(431q) High Gradient Magnetic Implants: a More Effective Approach to Magnetic Drug Targeting

Authors: 
Ebner, A. D., University of South Carolina
Ritter, J. A., University of South Carolina


One of the key problems associated with drug administration is the difficulty to target specific areas or sites in the body, like cancerous tumors or arterial blockage. Typically in these cases, exceedingly large doses of a drug are needed to ensure that some of the drug reaches a specific site, a fact which unavoidably imposes substantial toxic side effects at non-targeted organs. One way to achieve drug targeting in the body is to incorporate magnetic particles into drug carriers and then to retain them at the site using an externally applied magnetic field. This process is referred to as magnetic drug targeting (MDT). However, the main limitation of MDT is that under a given set of conditions an externally applied magnetic field alone may not be able to retain a sufficient number of magnetic drug carrier particles (MDCPs) to justify its use. Such a limitation may not exist if high gradient magnetic implants (HGMIs) are used to assist MDT.

HGMIs are based on the same principles as high gradient magnetic separation (HGMS). When a ferromagnetic element (e.g., an implant) is placed in a magnetic field, it becomes magnetically energized creating a very strong but localized magnetic field that is far more capable of concentrating magnetic particles at the site of the implant compared to the magnetic field alone. Invasive magnetic implants can be made of needles, wires, stents, catheter tips, and even very magnetic (non-drug carrying) particles. Wires can also be placed just outside the body near the target zone to improve the collection efficiency of the MDCPs. Finally, magnetic implants can be placed in the body at the target site by transdermal injection through the skin using a specially designed syringe, or through the use of catheters.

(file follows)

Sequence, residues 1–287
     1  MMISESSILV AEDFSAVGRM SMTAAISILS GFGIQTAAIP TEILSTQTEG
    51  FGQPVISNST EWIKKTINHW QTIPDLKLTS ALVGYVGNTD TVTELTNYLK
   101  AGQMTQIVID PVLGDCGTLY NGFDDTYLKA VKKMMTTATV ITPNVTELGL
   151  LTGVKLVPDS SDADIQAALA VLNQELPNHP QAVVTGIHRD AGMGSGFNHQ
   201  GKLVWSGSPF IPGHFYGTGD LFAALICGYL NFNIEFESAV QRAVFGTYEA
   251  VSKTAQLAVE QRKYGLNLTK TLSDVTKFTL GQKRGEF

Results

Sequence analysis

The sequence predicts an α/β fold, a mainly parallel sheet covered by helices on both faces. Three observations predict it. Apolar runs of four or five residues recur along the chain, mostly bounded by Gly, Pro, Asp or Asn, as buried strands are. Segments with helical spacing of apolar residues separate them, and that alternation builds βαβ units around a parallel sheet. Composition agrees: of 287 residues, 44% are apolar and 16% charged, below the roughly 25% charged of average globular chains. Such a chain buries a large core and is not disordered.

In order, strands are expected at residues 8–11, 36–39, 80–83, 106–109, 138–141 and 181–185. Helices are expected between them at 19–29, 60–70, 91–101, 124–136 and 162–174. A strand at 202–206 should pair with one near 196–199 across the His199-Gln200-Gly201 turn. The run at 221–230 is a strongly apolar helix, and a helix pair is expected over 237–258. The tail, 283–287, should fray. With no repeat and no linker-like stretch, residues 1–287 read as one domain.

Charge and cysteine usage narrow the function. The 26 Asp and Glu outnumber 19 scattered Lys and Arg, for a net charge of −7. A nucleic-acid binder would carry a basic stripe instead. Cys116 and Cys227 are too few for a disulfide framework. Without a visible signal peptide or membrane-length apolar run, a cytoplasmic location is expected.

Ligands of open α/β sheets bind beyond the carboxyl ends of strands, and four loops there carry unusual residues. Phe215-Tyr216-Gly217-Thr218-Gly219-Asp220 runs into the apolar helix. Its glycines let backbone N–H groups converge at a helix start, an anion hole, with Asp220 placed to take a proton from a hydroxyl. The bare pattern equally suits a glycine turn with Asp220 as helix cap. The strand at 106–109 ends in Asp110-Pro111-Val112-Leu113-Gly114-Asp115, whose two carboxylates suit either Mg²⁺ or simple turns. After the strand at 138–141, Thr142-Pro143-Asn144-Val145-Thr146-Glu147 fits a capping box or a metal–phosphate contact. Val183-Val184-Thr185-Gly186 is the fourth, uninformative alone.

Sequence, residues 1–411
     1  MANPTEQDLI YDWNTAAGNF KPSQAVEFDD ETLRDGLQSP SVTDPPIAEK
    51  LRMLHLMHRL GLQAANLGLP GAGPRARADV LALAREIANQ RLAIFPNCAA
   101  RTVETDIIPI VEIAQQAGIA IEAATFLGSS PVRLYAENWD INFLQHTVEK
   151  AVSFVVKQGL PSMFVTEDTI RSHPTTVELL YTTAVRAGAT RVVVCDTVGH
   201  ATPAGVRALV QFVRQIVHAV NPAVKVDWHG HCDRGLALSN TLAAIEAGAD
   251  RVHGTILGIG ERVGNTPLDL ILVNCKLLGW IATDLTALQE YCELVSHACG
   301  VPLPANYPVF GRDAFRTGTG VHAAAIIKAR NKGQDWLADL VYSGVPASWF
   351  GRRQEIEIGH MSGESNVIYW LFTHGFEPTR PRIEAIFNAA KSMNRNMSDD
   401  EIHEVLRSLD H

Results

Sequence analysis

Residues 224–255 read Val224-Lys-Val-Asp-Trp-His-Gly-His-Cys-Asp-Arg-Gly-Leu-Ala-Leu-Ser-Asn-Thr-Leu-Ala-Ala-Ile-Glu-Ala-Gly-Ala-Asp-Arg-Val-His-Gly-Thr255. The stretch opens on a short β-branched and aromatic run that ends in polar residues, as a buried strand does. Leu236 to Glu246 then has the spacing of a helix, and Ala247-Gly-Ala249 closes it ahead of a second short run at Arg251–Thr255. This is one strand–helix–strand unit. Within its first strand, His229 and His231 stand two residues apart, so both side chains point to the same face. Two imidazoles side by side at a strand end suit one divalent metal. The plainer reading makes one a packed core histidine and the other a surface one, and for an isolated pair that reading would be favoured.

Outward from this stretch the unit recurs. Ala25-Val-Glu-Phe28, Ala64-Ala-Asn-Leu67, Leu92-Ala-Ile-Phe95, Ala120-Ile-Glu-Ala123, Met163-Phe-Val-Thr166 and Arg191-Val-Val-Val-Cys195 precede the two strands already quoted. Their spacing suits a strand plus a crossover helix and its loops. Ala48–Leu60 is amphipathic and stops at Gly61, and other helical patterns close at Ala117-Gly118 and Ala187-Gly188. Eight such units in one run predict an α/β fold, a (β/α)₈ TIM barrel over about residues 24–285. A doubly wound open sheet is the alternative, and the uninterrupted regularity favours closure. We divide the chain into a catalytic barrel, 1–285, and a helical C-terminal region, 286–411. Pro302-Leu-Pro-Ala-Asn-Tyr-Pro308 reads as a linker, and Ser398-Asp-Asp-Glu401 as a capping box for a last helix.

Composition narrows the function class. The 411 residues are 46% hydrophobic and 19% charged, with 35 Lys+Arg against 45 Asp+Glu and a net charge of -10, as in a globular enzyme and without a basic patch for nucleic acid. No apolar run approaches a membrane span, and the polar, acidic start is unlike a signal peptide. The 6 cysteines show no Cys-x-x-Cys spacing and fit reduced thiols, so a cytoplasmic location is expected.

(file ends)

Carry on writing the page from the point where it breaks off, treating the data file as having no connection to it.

This presentation will provide an overview of the different approaches where HGMIs can be used to enhance the collection of MDCPs at targeted sites. The interesting notion is that the collection may have to take place in blood vessels ranging from large arteries where exceedingly high velocities exist to capillary networks where exceedingly low velocities exist. In this light, this presentation will also discuss the current challenges being faced by implant assisted MDT that are slowly being overcome based on recent experimental and theoretical research.